Serpentine Gallery, Kensington Gardens, London W2 3XA

  • 130201exterior
    Title : 130201exterior
  • 130204 interior
    Title : 130204 interior
  • SerpPav2013
    Title : SerpPav2013
  • Serpentine1
    Title : Serpentine1
  • Serpentine2
    Title : Serpentine2
  • Serpentine3
    Title : Serpentine3
  • concept
    Title : concept

The Serpentine Gallery Pavilion 2013
8 June - 20 October 2013
Review by Anneka French

The Serpentine Gallery Pavilion 2013 designed by Japanese architect Sou Fujimoto is an elegant geometric construction of glass and steel. Taking a simple grid as a point of departure, Fujimoto has extended this form in three dimensions to build a large complex cloud-like structure, at once weightless and dense. Its open sculptural form, the use of transparent and semi-transparent materials, and the way it gently shifts according to light and weather, allow the pavilion (which has no discernible walls and the flimsiest of roofs) to take on a highly organic quality that roots this space in its green and leafy landscape.

Fujimoto often describes his buildings, such as House NA, in terms of trees with branches that form separate yet interconnected rooms. This, and his other favoured metaphors that combine the organic with the architectural- nests and caves- aptly describe the essence of this new commission. Such language foregrounds consideration of the pavilion’s site in Kensington Gardens as a place of both natural and man-made space.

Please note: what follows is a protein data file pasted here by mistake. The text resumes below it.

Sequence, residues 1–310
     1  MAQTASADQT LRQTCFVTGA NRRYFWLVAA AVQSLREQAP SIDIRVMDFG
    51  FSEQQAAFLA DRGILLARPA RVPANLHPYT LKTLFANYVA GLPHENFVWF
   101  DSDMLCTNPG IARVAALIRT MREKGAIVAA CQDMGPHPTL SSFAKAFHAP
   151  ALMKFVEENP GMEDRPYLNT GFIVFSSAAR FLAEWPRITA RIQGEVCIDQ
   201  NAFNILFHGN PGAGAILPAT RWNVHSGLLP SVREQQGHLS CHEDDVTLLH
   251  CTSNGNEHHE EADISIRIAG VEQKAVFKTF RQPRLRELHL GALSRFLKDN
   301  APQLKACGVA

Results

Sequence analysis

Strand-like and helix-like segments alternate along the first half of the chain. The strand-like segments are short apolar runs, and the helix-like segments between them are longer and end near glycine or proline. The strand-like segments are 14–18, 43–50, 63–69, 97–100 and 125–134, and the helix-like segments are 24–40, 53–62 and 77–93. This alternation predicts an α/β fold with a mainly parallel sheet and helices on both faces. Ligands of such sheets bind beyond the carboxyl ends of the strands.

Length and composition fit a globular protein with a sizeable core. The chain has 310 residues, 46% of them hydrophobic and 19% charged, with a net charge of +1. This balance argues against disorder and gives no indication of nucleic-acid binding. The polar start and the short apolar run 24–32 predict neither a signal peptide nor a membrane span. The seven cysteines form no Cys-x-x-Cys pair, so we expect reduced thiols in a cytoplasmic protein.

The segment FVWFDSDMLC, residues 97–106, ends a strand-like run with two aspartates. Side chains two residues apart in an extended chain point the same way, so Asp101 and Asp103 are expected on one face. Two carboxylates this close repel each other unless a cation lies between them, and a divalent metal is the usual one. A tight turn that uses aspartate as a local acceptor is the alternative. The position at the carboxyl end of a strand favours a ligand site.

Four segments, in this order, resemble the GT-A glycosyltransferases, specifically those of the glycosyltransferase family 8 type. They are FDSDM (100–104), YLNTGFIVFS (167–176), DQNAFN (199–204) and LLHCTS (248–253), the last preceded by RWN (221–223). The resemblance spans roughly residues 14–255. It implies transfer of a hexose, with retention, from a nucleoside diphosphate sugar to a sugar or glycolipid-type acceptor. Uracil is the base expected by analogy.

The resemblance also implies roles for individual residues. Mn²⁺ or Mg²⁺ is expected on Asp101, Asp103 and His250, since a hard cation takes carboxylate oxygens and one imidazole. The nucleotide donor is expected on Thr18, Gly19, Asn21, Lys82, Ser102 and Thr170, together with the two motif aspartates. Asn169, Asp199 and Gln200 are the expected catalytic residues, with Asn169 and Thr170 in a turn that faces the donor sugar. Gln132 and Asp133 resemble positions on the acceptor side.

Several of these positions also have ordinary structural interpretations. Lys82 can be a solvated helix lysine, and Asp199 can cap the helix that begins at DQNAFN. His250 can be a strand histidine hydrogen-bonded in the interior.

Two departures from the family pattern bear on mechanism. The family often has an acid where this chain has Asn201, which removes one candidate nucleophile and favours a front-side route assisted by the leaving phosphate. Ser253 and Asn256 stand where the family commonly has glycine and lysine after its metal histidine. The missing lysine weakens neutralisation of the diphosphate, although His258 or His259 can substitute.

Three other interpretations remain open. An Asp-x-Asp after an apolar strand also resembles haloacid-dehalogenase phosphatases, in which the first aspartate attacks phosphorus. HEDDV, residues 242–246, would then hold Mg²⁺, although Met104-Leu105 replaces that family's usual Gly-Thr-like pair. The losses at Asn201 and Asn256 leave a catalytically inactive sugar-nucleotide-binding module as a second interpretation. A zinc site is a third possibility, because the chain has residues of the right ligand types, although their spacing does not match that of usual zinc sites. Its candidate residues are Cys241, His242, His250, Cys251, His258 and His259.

The pavilion operates on a number of conceptual and literal levels. It can be viewed from a distance, climbed over, sat on and hidden beneath. There is an evident playfulness at work. Moving through the pavilion’s myriad poles and cubes frames one’s view of the fabrication and the surrounding landscape in an ever changing pattern, like digitally designed lace. Both sky and ground can be seen from every point in the permeable form, causing, at times, an almost dizzying effect. An impression is formed of both structure and visitor being suspended in mid-air by the glass brick platforms on which one walks. This requires an element of trust in the pavilion’s structural integrity. As each modular step is just that tiny bit too big to be climbed easily, ascending or descending the formal network requires a little effort, putting one in mind of climbing a tree or a child’s climbing frame. This almost seamless integration of man, nature and architecture is hugely effective.

Fujimoto’s pavilion is also an inviting social arena with a small café inside. The in-built flexibility of the space allows the audience to (almost) freely navigate their own path around, over and within it. Indeed, Fujimoto has discussed his intention to create a pavilion whereby each visitor can, ‘find a singular, favourite space,’ amongst the structure. The notion engenders a psychological and emotional connection to the space, as the viewer acquires a sense of ownership over their experience of it.

The matrix-like formation of the structure appears in flux, or in a state of de/construction, as its edges seem to dissolve into the landscape. The temporary and transient nature of the annual pavilion is reiterated in the architect’s scaffold-type form which is only inhabited by the viewer for a limited period of time. Nevertheless, the audience is eager to interact and participate in the work, ultimately investing this architectural space with life, and a function beyond the purely aesthetic. Fujimoto’s pavilion is a beautiful and generous space which offers much to experience and consider.

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